Because no governor wants to be known as the governor who paroled the Manson Family. Even though Clem [Steve “Clem” Grogan, who participated in the murder of movie stuntman Donald “Shorty” Shea a few weeks later] has been out since the 80s, and he’s lived an upstanding life. It just goes to prove they’re political prisoners.

How has your understanding of the Manson family changed?
McNeil:
We didn’t know what the story was. We had to go to primary subjects: people who were in the room when shit happened. And we had to talk to them, because there’s so much mythology about it.

Do you feel like you’ve got the story now?
McNeil:
Oh yeah.

Will it shock people?
McNeil: It’s gonna shock people, because it’s very human. It’s about people who didn’t have any other options. You don’t end up [being] Charlie’s girls with other options.

What did the musicians, poets and other cultural figures you interviewed bring to the story?
McNeil:We spent a lot of time with Peter Coyote, who was in the Diggers [an anarchist collective and offshoot of the San Francisco Mime Troupe], and a lot of people around San Francisco and the Haight, Carl Franzoni [performers and fixtures of the LA hippie freak scene], and the Byrds and Love.

Is there anyone who stands out as a surprising interview?
McCain:
 Did you know Ed Begley Jr. smoked a joint with Charlie? That was shocking!

What do you think people will learn from your book?
McCain: Have more empathy. Is that a stupid thing to say?

McNeil: No, no. The Manson trial went down, and they looked like monsters, which they weren’t. They were just so spaced out on so many drugs. I mean, you take belladonna for a year, you’re gonna be whacked out of your skull, too.

It couldn’t have been just the drugs, though. What other factors do you think led them to follow Manson without questioning him?
McNeil:
Once you isolate people and convince them the world’s coming to an end, they’re not getting any outside information.

The classic cult move.
McNeil: Exactly. You deprive them of sleep, everybody works all the time.

McCain: You’re eating from garbage cans.

McNeil: You’re living like animals. What no one realizes is Charlie got out of prison in March of 1967. It wasn’t until January of ’69 that Helter Skelter came into play.

McCain: Pretty much up until that it was a real family commune. And it wasn’t a big sex thing. It was mainly the women had [such deep] friendships.

McNeil: I think the women stuck around more for the other women. There wasn’t any women’s movement until the Seventies. We talked to a lot of female journalists who covered this story and asked them [if they covered] RFK’s assassination. They said no, because in 1968 female journalists couldn’t cover stories after dark, which we found shocking. So it’s also very much a woman’s story, you know?

What about your impressions of Manson himself?
McCain:
To me, he was always the least interesting part of the story

McNeil: Kind of a big loser, you know?

McCain: We’re trying to debunk the myth that he was some criminal mastermind, because it was kind a of domino effect of stupid decisions on Charlie’s part.

McNeil: And his paranoia and his delusions got stronger with every disappointment.

So you think his charisma and ability to control people was the only thing he had going for him?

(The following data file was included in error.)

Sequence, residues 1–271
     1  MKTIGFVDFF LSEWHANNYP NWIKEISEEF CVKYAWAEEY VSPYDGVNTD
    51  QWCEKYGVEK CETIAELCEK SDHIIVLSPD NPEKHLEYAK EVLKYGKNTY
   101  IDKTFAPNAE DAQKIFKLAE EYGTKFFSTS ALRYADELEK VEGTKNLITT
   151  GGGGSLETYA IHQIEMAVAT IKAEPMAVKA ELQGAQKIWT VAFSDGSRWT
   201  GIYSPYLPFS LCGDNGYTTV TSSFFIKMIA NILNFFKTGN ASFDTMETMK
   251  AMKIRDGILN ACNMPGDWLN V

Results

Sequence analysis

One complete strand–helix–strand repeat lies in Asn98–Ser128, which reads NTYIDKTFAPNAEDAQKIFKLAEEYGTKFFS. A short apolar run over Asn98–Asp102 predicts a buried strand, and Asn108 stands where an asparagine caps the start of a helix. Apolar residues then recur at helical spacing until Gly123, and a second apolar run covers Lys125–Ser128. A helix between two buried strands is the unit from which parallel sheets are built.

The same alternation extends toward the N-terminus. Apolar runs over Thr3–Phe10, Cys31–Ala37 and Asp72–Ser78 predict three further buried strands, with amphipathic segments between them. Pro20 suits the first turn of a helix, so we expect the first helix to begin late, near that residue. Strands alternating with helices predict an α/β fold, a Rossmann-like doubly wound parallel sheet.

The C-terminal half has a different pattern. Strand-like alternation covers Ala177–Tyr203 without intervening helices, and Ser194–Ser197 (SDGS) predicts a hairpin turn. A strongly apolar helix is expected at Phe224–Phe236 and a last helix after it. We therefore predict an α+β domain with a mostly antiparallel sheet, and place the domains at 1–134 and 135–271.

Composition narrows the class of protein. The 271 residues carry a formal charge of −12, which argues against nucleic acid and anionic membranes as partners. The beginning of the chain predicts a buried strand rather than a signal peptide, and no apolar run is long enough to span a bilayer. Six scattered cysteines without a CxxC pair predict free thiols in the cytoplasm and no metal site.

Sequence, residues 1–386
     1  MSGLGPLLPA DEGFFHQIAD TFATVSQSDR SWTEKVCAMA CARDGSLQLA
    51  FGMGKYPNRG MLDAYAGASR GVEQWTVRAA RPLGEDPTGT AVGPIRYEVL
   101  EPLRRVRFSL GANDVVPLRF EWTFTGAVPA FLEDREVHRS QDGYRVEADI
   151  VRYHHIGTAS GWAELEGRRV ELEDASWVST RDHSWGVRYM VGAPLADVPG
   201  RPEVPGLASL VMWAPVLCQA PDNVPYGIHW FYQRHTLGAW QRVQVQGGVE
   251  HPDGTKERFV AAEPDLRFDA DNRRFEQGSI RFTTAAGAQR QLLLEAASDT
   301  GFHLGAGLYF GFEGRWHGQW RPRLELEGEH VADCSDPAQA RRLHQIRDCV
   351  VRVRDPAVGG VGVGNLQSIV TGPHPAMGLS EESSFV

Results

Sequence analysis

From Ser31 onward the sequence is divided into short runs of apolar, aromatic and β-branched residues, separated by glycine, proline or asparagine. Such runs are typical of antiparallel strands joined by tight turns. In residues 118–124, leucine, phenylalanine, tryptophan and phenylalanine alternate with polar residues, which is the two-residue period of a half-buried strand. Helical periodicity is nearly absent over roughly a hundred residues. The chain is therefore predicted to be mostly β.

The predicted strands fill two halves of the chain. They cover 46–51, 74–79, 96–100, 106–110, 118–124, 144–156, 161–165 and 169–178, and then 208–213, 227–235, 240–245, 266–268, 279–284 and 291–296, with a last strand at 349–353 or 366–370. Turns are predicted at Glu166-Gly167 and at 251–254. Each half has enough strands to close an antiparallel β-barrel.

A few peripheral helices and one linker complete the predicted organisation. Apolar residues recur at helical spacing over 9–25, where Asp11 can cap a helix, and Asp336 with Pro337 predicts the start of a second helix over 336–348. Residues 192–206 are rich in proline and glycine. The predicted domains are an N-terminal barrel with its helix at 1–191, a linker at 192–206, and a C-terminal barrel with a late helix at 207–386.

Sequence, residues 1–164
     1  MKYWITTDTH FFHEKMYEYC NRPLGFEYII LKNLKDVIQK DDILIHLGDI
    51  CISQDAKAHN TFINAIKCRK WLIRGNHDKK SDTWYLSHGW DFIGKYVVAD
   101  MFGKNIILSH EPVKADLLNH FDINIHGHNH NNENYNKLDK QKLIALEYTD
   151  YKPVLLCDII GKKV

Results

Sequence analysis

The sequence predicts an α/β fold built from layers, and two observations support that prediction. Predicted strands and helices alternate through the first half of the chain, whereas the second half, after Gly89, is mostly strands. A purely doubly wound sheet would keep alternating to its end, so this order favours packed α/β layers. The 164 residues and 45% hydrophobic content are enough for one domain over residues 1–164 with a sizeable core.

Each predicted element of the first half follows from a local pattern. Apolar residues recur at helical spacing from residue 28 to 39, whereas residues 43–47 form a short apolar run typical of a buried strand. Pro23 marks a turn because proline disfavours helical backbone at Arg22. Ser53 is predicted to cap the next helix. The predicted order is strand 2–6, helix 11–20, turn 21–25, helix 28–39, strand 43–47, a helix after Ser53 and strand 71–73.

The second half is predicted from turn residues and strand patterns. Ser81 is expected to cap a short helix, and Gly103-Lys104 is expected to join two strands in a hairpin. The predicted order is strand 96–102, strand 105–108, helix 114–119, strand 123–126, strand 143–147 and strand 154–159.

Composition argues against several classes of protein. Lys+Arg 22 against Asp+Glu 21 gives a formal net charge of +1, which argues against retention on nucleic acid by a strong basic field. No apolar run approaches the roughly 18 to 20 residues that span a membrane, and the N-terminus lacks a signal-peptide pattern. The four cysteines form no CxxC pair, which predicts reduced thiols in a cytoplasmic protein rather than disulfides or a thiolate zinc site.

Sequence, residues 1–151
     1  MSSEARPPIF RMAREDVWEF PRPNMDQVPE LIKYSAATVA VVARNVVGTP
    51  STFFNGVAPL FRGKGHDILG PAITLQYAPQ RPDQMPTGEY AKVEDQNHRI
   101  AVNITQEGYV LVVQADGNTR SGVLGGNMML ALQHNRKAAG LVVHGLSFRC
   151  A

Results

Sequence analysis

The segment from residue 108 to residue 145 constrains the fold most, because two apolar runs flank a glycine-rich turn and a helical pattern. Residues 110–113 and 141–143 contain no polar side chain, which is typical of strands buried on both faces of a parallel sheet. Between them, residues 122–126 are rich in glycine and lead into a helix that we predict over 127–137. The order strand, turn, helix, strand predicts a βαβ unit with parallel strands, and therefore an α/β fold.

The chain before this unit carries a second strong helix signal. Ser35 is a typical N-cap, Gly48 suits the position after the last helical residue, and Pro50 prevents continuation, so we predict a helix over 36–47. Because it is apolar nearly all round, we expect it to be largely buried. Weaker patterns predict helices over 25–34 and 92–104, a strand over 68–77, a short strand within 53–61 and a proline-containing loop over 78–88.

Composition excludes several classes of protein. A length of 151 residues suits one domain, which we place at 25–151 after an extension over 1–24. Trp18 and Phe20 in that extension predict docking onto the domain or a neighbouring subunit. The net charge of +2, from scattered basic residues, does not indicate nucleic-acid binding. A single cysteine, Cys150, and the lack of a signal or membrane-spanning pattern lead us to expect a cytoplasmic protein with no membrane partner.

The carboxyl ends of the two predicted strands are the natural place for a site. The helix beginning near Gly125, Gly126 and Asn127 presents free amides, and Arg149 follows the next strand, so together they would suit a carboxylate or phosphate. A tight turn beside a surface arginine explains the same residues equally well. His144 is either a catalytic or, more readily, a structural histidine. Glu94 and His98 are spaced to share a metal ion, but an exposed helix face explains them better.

McNeil: I do think he was very charismatic, and if you take 16, 17, 18-year-old kids and you give them a lot of acid, you can convince them of anything.

McCain: I think he was a good musician.

McNeil: The problem with Charlie was he had every chance in the world to prove himself, and he didn’t. Like, when the engineer said, “Hey, move the microphone closer,” he’d take that as an insult. There’s an interesting tape where they go, “OK, we’re ready,” and Charlie sounds nervous. It’s interesting — it’s one of the first times I felt any sympathy for him because he just sounded so lost in the studio. If Charlie had had some lessons and been civilized, he could’ve made it.

In music, you mean?
McNeil: Yes. Everyone else’s demos were as shitty as Charlie’s. It’s not just the band — it’s the producer and the record company that makes you great, you know?

Do you think they were trying to send producer Terry Melcher a message when they committed the Tate murders?
McNeil: I don’t think it really mattered who was there. Charlie was just getting so frustrated and so unhappy, he just wanted people to go out and kill people.

McCain: I don’t think he thought Terry still lived there, but he sure would send a scare to Terry.

McNeil: I think it worked.

Can you share anyone who you haven’t been able to get in touch with but  would really like to?
McNeil: Leslie Van Houten.

McCain: I’d love to interview Patricia Krenwinkel. We’ve interviewed a lot of the girls but not all of them. We have been denied a lot of interviews. Much more than we were for Please Kill Me.

How else has the process differed from Please Kill Me?
McNeil: We couldn’t talk about it to anyone. It destroyed a lot of relationships.

What do you mean you couldn’t talk about it?
McNeil: You mention Charlie Manson in a restaurant and everybody turns around and stares at you like you’re an idiot or a murderer. We didn’t tell anyone we were working on this as hard as we were. We’d just say we’re doing a book on the Sixties.

How will you know you’re done?
McNeil: Well we’ve got our ending now, so now we’ve just gotta put it together.

McCain: We’ve got a lot of interviews to revisit because we’ve been doing them over 20 years, so it’s a lot of going back.

How does it feel to be almost finished with the book?
McCain: We’re really excited; it’s been a long time since Please Kill Me.

McNeil: We just wanna get the fucking thing done — we’ve lived in Manson world for much too long. We’ll probably [be done in January] 2020. And we’re excited about 69 because it’s as good as Please Kill Me. Actually, it’s better.

[Find ‘Please Kill Me’ book here]

This interview has been condensed and edited for clarity.